The Bears Are the "Most Mysterious Team in the NFL" and Other Bullets

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The Bears Are the “Most Mysterious Team in the NFL” and Other Bullets

Chicago Bears

It’s a back-to-work Monday for the Bears, who are participating in their third straight public practice as I’m typing this. They’ll take a few days off from the public eye before opening practice back up on Thursday, Friday, and Saturday. So yes, there’s still plenty of time to see them in Bourbonnais.

  • You could definitely sense the omnipresent vibes of optimism at practice on Saturday and Sunday – even through the rain. The buzz generated by the promise of a modern NFL offense had fans chanting Matt Nagy’s name, applauding Jordan Howard catching passes out of the backfield, and standing in amazement as the likes of Allen Robinson, Anthony Miller, Trey Burton, and Kevin White (yes, that Kevin White) made plays downfield. It was truly a sight to see.
  • Last year’s camp felt like a slog, especially if you watched Mitch Trubisky – the most athletic and skilled quarterback in camp – work his way up from the bottom of the depth chart. You can tell Trubisky is still getting a feel for things in the offense, particularly as he gets used to executing run-pass option plays again, but it feels like only a matter of time before he gets it into gear.
  • Hall of Fame NFL scribe Dan Pompei gathers more overwhelmingly optimistic perspective from around Bears camp in a piece for The Athletic. Pompei even catches up with NBC Sports columnist Peter King, who calls the Bears “the most mysterious team in the NFL” and sees them as one of the most intriguing squads. After a three-year tear-down with John Fox overseeing things, the Bears are back to building. This roster is younger, more athletic, and more skilled at various positions than any team that has been fielded by GM Ryan Pace in any of the last three years. The Bears are far from a finished product and King believes this group has a shot at being pretty good, but not until 2019. And that’s okay!
  • It’s one thing for me to be optimistic about the future. That’s just my nature. But to read it from a national voice such as King, who says the Bears could be what the Eagles were last year when 2019 rolls around exemplifies how far this team has come.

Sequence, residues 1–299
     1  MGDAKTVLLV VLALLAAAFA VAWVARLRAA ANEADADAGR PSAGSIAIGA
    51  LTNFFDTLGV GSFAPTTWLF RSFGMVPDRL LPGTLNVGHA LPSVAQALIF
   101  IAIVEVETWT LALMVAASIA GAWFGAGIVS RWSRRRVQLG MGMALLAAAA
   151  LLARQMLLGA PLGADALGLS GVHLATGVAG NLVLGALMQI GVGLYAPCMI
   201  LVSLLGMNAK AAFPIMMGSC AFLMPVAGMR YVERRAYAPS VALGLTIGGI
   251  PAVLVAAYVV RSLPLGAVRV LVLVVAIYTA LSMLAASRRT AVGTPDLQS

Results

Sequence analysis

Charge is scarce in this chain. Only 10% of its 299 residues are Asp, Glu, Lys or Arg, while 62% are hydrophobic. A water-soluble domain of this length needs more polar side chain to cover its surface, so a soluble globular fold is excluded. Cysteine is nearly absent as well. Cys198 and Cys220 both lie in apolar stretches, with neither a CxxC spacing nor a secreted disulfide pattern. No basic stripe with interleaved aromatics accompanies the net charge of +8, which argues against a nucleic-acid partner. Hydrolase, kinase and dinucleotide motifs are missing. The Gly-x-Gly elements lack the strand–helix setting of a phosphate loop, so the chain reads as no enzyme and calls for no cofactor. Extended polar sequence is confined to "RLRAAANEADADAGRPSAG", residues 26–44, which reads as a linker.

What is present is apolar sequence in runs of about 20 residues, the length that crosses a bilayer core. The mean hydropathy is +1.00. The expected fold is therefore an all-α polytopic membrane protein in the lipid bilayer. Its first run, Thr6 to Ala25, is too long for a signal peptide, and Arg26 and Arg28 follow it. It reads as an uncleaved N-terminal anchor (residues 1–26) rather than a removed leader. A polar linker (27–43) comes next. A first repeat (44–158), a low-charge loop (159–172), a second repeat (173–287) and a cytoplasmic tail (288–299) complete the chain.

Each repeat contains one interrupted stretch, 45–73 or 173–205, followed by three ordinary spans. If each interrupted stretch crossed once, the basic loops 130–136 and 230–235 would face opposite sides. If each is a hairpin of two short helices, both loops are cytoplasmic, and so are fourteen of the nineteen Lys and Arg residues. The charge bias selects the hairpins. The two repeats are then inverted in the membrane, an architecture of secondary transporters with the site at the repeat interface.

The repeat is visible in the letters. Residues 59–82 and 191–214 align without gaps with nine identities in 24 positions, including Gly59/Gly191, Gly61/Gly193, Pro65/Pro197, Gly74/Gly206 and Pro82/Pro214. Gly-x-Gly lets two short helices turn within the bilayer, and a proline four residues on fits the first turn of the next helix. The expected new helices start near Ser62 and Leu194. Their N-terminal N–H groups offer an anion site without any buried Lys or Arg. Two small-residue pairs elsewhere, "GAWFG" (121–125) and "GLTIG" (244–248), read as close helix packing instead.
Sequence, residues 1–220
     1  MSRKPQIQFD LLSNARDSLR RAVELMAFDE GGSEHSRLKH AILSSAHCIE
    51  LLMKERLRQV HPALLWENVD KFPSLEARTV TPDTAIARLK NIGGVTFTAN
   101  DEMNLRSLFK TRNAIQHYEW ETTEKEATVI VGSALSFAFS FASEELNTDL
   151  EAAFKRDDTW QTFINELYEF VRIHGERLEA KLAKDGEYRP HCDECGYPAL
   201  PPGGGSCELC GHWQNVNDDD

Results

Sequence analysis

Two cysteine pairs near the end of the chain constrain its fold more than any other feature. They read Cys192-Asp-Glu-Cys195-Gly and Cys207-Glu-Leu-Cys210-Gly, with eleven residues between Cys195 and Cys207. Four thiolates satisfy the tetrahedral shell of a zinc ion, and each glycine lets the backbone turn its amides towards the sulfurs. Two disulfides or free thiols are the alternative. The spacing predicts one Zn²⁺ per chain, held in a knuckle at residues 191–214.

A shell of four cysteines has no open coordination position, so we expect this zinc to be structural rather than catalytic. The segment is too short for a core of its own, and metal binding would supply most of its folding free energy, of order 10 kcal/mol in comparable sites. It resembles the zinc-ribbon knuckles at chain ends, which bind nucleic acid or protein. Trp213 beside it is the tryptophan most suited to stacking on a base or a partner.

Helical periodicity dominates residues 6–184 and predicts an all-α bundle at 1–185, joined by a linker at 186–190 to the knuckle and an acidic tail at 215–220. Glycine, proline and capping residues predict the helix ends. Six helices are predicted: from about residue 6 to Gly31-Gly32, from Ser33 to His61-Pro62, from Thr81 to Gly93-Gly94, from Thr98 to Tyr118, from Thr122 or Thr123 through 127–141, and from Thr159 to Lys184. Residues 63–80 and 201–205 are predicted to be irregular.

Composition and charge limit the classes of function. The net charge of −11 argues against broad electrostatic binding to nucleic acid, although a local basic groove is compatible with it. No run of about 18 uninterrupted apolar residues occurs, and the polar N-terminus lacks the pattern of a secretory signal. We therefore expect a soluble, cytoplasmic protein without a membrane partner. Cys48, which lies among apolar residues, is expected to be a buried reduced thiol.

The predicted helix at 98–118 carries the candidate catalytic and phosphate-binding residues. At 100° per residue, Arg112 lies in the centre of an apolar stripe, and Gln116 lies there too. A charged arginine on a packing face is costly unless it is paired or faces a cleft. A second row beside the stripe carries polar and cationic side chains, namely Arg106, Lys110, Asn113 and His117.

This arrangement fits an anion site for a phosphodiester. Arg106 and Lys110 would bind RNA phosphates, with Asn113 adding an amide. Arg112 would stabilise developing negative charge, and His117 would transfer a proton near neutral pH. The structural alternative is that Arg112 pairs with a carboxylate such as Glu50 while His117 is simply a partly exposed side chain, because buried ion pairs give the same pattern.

• To be fair, the hope of a new offense bringing life to Chicago football isn’t a new concept. It wasn’t that long ago Marc Trestman was the new guy leading the way with a shiny new toy that sparked positive thoughts. Mark Potash of the Chicago Sun-Times notes the similarities and explores why things might end differently with Nagy calling the shots. This isn’t the first time the Nagy-Trestman comparison has been brought to my attention, as several of you fine readers have offered that up, too. And while I get your angle (and understand your fear of being let down by another coach) there are some key differences between the two. I won’t dig through them all, but the one that stands out most is that the Bears picked up Nagy at the start of his coaching arc while Trestman was at the end. There’s something that feels right about hiring a coach with the arrow pointing up in his career … something that wasn’t there when Trestman was the out-of-left-field candidate back in 2013.
  • Having a young quarterback who can be molded into something special also helps fan the flames of optimism. Austin Gayle of Pro Football Focus highlights a collection of 2017 first-round picks who are primed for a breakout in their second season in the pros. Among them is Trubisky, whom Gayle sees signs pointing toward a successful second season. I don’t think it’s a coincidence that when the offense finally opened up for Trubisky, things started to look good. That Week 14 game against the Bengals (when Trubisky was PFF’s highest-graded QB) was an example of what quality professional quarterbacking looks like with the right weapons, game plan, preparation, coaching, and execution. More of that, please.
  • Now, it’s not as if Trubisky didn’t have his rough moments. Remember, he started his career with four sub-50 grades from PFF in his first 12 starts, but he did have six games where his grade was in the respectable 70-grade area. Not bad for a guy running an offense with a coach and coordinator on their way out the door.
  • Speaking of former first-rounders who could break out in 2018, Kevin White looks real decent in the early going:

  • Speaking of first-round picks, a few of them have signed recently:



Author: Luis Medina

Luis Medina is a Writer at Bleacher Nation, and you can find him on Twitter at@lcm1986.